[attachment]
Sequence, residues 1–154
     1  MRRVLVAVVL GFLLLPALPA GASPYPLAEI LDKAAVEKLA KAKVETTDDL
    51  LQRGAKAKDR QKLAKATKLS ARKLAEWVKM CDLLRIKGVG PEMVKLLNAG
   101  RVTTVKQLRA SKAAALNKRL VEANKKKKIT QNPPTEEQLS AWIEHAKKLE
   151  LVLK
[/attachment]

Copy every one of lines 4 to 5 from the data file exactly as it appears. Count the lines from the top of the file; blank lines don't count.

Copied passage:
   101  RVTTVKQLRA SKAAALNKRL VEANKKKKIT QNPPTEEQLS AWIEHAKKLE
   151  LVLK